A year ago, when I started studying Korean at KCC, people asked, even KCC asked on the application, why I wanted to learn Korean. All I could say was that I wanted to know more, to understand. In just a few weeks, I was amazed - I could read! I went from not knowing if a storefront sign was in Chinese, Japanese, or Korean, to knowing it was hangeul, and I was able to sound it out. I didn’t know what it meant – but I could read! Now I have some basic conversation skills and am building my vocabulary. I can say: Hangook drama-reul sarang hamnida! (I love Korean dramas!)
Korean language classes were just the start! This spring, I attended KCC’s Korean Entertainment lecture series and learned more about Korean dramas, film, and animation. At the last lecture, I got the names and contact info of people who wanted to keep meeting to discuss Korean films and dramas and to explore other avenues of Korean culture – especially those avenues in nearby Koreatown! I’ve organized several gatherings for the “Hallyu Surfers” to have dinner, see films and attend cultural events – surfing the Korean Wave together! I now have my favorite Korean food – bibimbap – and favorite places to go – Chosun Galbee and Café MAK, where Elisa helps me with Korean! This new leadership role has been good for me – and so much fun! I’ve made some wonderful friends! I’ve also delved deeper into Korean film, doing some research to help prepare for a possible lecture series, even contacting scholars about participating and being delighted by their positive response! Perhaps they, too, crave more opportunities to talk about Korea!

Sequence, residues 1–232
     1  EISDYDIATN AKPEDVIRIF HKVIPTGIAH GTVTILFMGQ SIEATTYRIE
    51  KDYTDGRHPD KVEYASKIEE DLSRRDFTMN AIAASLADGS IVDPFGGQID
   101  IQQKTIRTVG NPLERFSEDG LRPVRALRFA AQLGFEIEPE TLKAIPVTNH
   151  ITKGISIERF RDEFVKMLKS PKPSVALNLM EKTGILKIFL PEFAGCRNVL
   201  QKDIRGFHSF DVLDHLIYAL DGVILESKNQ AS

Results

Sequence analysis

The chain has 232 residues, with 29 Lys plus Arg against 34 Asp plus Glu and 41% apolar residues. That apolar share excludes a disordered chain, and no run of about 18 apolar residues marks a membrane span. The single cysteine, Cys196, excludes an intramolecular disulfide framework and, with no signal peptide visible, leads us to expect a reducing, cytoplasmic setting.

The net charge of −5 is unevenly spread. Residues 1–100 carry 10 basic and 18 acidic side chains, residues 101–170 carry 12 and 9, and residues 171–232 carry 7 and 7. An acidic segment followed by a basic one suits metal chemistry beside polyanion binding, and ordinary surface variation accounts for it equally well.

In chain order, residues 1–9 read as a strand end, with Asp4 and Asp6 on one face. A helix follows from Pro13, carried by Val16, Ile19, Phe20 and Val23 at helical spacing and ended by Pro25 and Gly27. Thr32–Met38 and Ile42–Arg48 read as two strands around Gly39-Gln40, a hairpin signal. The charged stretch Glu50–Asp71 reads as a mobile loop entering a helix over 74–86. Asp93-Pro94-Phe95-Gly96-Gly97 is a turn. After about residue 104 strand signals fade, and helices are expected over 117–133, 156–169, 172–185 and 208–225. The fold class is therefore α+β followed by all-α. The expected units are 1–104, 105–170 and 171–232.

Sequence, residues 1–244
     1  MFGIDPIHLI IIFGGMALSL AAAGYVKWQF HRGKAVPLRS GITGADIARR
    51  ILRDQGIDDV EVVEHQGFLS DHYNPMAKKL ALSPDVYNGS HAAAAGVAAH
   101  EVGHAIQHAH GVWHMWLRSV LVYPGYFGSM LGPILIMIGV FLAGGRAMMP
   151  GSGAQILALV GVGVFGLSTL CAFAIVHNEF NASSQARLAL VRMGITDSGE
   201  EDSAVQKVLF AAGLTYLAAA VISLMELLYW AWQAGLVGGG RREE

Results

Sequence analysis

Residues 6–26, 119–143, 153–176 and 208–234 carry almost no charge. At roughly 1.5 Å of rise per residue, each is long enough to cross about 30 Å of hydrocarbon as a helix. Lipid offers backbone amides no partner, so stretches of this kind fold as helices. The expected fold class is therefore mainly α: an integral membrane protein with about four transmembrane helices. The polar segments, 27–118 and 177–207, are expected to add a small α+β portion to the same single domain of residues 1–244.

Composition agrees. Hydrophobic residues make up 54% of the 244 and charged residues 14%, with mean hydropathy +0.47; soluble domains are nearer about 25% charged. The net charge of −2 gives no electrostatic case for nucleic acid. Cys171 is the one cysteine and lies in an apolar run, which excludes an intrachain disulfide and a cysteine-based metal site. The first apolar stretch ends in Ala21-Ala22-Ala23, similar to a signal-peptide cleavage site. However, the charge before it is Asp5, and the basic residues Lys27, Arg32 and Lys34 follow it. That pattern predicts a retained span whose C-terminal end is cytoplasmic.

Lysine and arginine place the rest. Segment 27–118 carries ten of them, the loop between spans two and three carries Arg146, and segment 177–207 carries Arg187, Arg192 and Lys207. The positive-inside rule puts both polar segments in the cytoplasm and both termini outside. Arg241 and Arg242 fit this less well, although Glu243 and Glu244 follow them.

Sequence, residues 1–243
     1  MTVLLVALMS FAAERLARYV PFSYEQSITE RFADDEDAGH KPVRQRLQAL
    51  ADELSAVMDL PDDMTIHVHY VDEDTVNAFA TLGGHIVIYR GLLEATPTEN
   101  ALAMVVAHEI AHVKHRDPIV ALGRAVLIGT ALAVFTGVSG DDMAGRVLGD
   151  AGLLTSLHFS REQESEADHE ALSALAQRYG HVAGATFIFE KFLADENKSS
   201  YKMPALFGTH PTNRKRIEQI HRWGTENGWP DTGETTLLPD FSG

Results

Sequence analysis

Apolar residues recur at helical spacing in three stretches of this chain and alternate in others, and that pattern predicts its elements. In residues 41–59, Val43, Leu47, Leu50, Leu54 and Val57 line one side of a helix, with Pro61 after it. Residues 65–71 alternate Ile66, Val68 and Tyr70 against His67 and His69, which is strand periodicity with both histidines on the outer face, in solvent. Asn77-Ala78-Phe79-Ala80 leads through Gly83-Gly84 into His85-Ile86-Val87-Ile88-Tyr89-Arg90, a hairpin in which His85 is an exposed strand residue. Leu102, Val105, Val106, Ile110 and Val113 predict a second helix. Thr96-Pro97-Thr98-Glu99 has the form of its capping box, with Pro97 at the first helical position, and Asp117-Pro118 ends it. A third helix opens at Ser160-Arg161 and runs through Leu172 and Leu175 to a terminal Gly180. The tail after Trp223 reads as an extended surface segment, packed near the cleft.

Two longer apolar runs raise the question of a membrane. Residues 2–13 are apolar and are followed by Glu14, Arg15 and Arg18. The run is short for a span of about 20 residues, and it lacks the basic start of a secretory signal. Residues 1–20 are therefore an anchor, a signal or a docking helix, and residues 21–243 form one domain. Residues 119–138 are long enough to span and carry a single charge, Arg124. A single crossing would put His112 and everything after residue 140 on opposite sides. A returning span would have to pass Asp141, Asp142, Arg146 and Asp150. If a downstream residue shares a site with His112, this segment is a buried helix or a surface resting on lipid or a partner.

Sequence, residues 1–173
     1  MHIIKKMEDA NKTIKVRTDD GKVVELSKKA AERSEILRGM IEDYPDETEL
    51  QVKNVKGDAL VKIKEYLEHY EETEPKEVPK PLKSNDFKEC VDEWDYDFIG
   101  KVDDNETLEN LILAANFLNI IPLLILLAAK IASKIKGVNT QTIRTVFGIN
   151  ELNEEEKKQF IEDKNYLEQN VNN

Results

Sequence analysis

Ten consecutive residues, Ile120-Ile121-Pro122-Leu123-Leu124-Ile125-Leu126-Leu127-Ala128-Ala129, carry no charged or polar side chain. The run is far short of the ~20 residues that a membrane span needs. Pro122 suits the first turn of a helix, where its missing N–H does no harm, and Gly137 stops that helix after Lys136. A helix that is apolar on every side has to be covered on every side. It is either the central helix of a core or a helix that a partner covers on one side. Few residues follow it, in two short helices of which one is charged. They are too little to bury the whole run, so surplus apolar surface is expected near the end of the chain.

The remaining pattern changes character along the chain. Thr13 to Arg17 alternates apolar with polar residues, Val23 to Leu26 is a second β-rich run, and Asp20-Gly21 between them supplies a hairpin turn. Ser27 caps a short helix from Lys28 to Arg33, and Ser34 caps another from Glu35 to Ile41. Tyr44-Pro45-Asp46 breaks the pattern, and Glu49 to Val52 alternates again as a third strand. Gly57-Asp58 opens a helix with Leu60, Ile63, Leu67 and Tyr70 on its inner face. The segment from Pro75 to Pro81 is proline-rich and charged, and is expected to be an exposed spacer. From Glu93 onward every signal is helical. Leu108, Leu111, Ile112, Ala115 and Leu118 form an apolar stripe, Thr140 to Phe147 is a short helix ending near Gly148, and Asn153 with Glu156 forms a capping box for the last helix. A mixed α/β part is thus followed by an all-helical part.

I’ve attended KCC’s art exhibit openings, tea ceremonies, and musical performances. Images related to my experiences with Korean culture now appear in my writing. I hadn’t realized that the connection being formed was so deep. Several poems later, I was writing one screenplay about a kidnapping in Korea and another about a young woman who leaves Jeju Island in the 50s for Seoul and meets a young American soldier – someone like my dad, who actually served in Japan. That story, entwined with my own family’s history, further deepens the connection with Korea.
As I’ve continued to learn more, I’ve gained the wisdom to know that this “Persistent Passion” is not a five-episode drama, like “Freeze.” It’s an epic, like “Dae Jang Geum,” that will have more twists and turns than I can imagine. In fact, just this week I started my first blog, where I share some of my Korean-inspired poetry. I foresee a serious addiction to managing the online discussion on all things Korean!